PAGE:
As expected, Ferrari confirmed on October 26th that technical director Ross Brawn is stepping down from his role and also that engine director Paolo Martinelli is to leave the team. Brawn will be replaced by Mario Almondo, formerly Ferrari ...
As expected, Ferrari confirmed on October 26th that technical director Ross Brawn is stepping down from his role and also that engine director Paolo Martinelli is to leave the team. Brawn will be replaced by Mario Almondo, formerly Ferrari industrial/human resources operations, while chief of racing activities Stefano Domenicali takes the position of sporting director.
The technical operations will consist of two departments; chief designer Aldo Costa will head the chassis department and head of design and development Gilles Simon the engine department, with both reporting to Almondo. From November 1st Jean Todt, newly announced as CEO of Ferrari S.p.A., will take an interim role of managing director.
"Ferrari offers its most heartfelt thanks to Ross Brawn and Paolo Martinelli for their immense contribution in the drafting of an extraordinary chapter in the history of the Scuderia and motor sport, which has produced a tally of eleven world titles (six Constructors' and five Drivers', all of these with Michael Schumacher) and of around ninety wins in Formula One Grands Prix," said a statement.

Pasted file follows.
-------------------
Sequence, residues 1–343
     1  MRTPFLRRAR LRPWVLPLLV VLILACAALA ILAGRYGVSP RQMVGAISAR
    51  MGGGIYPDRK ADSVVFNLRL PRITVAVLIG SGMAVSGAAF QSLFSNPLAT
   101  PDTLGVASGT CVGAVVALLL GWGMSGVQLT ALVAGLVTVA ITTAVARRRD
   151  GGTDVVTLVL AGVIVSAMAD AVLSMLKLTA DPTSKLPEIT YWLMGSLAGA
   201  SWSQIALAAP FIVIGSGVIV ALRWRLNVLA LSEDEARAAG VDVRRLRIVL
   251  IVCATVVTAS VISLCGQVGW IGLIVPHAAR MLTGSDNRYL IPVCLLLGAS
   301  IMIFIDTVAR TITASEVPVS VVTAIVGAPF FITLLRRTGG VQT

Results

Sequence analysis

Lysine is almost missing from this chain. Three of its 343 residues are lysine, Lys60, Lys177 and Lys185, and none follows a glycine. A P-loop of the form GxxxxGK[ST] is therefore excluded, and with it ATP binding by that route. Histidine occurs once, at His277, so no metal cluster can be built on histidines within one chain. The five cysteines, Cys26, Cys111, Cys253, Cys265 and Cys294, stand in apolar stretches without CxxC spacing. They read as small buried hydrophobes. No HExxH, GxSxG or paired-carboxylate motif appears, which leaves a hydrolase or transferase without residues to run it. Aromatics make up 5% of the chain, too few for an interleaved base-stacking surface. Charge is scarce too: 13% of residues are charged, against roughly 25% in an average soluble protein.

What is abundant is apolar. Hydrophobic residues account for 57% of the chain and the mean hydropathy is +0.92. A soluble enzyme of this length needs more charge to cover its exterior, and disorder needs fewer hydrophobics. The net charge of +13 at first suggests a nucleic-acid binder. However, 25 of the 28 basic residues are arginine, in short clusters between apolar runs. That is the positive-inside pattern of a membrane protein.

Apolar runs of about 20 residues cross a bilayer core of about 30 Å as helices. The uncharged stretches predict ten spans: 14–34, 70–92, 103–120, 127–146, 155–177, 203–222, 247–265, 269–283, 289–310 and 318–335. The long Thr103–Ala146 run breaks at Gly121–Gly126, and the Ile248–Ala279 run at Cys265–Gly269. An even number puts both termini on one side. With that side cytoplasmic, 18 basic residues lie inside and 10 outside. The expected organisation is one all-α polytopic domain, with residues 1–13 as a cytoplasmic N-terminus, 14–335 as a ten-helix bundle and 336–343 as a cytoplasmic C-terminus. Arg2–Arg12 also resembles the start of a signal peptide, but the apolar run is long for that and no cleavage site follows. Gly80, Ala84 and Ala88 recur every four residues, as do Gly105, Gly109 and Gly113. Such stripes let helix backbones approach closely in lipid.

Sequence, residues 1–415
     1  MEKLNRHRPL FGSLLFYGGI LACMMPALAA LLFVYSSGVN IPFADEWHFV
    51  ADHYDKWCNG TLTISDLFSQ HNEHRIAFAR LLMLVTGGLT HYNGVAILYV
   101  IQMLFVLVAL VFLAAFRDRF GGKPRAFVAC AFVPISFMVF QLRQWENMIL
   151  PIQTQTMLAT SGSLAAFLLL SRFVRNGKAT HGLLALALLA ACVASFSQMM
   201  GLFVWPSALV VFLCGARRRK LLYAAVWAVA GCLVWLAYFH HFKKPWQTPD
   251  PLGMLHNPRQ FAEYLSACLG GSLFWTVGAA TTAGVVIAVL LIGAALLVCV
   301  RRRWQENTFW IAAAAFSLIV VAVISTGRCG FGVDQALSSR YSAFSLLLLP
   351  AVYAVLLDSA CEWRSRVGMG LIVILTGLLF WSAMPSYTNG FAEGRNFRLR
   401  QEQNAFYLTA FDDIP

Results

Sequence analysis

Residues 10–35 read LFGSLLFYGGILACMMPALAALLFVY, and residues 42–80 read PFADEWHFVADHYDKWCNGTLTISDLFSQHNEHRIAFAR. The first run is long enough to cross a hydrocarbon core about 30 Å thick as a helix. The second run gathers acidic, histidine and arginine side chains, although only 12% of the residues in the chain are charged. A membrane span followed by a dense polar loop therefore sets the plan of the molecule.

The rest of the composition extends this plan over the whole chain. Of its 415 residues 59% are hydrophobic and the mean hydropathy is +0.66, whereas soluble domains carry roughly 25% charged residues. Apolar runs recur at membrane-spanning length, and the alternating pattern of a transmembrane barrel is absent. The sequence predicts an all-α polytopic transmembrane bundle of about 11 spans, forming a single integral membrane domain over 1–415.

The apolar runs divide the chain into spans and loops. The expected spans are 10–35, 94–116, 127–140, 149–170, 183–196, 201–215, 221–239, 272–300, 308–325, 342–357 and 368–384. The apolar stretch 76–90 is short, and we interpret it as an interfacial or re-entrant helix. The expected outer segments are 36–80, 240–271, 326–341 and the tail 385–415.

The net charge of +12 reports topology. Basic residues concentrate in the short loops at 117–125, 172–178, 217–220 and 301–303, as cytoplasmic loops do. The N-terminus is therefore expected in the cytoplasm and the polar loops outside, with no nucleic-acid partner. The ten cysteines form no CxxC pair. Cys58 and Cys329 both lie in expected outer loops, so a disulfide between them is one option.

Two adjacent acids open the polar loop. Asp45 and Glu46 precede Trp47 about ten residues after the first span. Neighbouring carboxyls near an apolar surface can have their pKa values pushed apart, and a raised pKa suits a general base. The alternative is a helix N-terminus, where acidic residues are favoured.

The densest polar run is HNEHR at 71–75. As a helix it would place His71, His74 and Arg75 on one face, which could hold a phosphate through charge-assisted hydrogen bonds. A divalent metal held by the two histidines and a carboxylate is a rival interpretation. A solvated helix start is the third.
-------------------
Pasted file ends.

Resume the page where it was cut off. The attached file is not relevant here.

"After years of hard and demanding work, Ross Brawn has decided to turn his attention to his personal life, while Paolo Martinelli will take on an important role within the FIAT Group: to them go best wishes for a satisfying future."
Martinelli studied mechanical engineering at Bolgna University and joined Ferrari when he graduated. Previously with Williams and Arrows, Brawn oversaw Michael Schumacher's first two world titles at Benetton in 1994 and '95. He and Schumacher, who retires from F1 this year, joined Ferrari in 1996.
"I wish to thank Ferrari for allowing me to be part of a wonderful period in the history of the team," said Brawn. "For some time now, we have prepared for this handover and I am pleased to be able to pass on my responsibilities to people whom I am convinced can do an even better job than me. I have great faith in all of them and I am sure they will bring many more successes home to Maranello."
Martinelli spent his entire working life with Ferrari, 16 years on the Grantursimo cars side then at the Gestione Sportiva since 1995. "I will leave part of my heart at Maranello," he said. "These have been unforgettable times as part of a fantastic team made up of people who are exceptional in both professional and personal terms."